Right about now, you might be looking down at your laptop or smartphone and thinking to yourself, “Ok, but how do I do it with this?” The Google and Apple app stores have a wealth of tools available for the aspiring podcaster, including some all-in-one solutions like Spotify’s Anchor that not only lets you listen to podcasts but also record your own. Anchor even helps you get your podcast syndicated out to popular podcast services like Apple Podcasts, Stitcher, and Google Podcasts (more on that later). Anchor isn’t your only option, though; there are also a variety of other audio recording apps available that you can use to start recording right now. Even the built-in memo recorder on your phone can be enough to get you started. If you’re pretty tech-savvy, there is a free powerful open-source program called Audacity that runs on both PC and Mac computers used by casual podcasters and pros.

A Recording Space

Choosing the right place to record your podcast is a huge factor in the quality of your recording. Even the best microphone can give bad results if your recording space isn’t good.

Some things to consider:

  • Limit background noise as much as possible. The hum of a fan, street noise coming through an open window, or a creaky chair can all be picked up by your microphone. Some of it can be removed later with software, but it is best to limit it while recording.
  • Consider your recording room’s acoustics. It is best to record in a room with many soft materials that can absorb bouncing sounds and limit echoes. Some podcasters actually record their shows in their closets to achieve the best sound quality without investing in expensive/ugly baffling.
  • Pick a space where you won’t be interrupted. So much of podcasting can be about flow, and interruptions can not only disrupt that flow, they can also add unnecessary steps to your process as you try and edit around interruptions.

Part 3: “Where can I upload my podcast?”

You’ve recorded your podcast, and now you need a place for it to live. If you manage your own website, it might be tempting to upload your podcast file directly to your site and put a “Listen to our podcast!” link on your homepage. I strongly caution against this. Podcast files are large, and most third party web hosting solutions are not up to the task of streaming the episode, and some will even shut you down for hosting podcast files on your site server. You also can’t go to Apple and upload your new podcast to Apple Podcasts. You instead need to find a podcast hosting service that will store your episodes and distribute them as a feed. There are many options available, like Anchor, Buzzsprout, Podbean, or Spreaker. Some are free, and some are paid. I’d recommend going with a free option like Anchor as you get started and only look to paid options when you start running into limitations of the service you choose. In addition to hosting your podcast files, many of these sites can also help you syndicate your podcast to popular podcast platforms like Apple Podcast, Google Podcasts, Spotify, and Stitcher.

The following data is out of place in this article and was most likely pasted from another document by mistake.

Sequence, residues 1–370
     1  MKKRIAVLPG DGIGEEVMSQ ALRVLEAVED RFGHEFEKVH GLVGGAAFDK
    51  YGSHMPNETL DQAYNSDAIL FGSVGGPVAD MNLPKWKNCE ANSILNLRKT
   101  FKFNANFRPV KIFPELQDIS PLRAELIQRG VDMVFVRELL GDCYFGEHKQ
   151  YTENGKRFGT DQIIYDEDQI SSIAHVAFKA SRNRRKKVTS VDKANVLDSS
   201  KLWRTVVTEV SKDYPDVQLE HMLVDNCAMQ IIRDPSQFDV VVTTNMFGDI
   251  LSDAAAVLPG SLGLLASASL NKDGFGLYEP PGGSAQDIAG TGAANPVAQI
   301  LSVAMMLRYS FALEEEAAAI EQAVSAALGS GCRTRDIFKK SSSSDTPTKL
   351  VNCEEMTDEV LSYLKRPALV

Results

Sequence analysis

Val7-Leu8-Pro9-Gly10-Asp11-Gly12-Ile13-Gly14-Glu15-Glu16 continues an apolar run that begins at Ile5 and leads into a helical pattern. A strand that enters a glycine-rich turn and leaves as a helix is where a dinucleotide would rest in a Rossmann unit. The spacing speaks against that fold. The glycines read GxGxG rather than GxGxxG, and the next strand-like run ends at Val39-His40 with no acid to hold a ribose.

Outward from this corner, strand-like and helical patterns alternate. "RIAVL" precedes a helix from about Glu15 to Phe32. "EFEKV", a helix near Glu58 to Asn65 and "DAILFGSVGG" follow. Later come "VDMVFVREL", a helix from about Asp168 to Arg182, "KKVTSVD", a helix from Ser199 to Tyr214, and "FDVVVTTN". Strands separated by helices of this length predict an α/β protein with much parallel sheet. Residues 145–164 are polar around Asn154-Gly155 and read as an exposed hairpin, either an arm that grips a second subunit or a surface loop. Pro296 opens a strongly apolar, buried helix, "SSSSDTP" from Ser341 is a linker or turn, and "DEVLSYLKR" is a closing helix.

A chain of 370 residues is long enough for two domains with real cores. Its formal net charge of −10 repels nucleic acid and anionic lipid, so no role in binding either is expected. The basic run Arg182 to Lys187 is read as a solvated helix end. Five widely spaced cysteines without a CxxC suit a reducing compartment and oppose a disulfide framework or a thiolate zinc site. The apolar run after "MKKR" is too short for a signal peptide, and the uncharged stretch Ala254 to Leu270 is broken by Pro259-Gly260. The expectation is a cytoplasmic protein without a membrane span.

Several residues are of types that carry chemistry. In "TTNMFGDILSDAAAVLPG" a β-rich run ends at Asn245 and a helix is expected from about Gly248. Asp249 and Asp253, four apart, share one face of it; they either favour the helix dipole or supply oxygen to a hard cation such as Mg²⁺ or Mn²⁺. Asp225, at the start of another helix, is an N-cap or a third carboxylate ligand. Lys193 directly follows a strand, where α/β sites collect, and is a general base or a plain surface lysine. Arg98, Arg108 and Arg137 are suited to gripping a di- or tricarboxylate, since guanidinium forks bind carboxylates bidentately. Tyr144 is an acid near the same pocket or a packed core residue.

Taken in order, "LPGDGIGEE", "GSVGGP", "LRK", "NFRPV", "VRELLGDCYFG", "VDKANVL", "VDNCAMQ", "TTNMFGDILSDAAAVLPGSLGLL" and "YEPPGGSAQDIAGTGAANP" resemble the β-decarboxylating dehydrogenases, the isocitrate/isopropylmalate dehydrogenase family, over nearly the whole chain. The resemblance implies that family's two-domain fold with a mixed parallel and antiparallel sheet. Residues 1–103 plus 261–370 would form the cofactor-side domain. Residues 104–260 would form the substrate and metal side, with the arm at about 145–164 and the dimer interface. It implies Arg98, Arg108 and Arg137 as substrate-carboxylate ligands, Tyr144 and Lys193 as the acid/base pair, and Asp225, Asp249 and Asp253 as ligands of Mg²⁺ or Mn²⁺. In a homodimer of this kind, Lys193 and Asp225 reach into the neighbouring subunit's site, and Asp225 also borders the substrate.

Part 4: “Is there anything else I should know?”

There will always be more to learn, but here are a few more things to consider as you get started.

  • Practice and experiment. It is important to start recording with a simple setup now. Even if you’re not ready to publish that first episode, practice speaking into your microphone in different locations and situations. Your speaking cadence and tone will improve as you get more comfortable.
  • Listen to what you record. Many of us have trouble listening to recordings of ourselves. If you want to improve your show’s quality, it is important to get over this hurdle and start listening to what you record. You’ll learn a lot, and you can apply what you’ve learned to future recordings.
  • Have an outline for your episode. It is important to have a plan before you start recording to stay on topic and not get into too many digressions.

I hope this all helps you get out there and create a podcast for your independent business today. Keep an eye on for more upcoming stories on podcasting and other ways to get the word out about your independent business!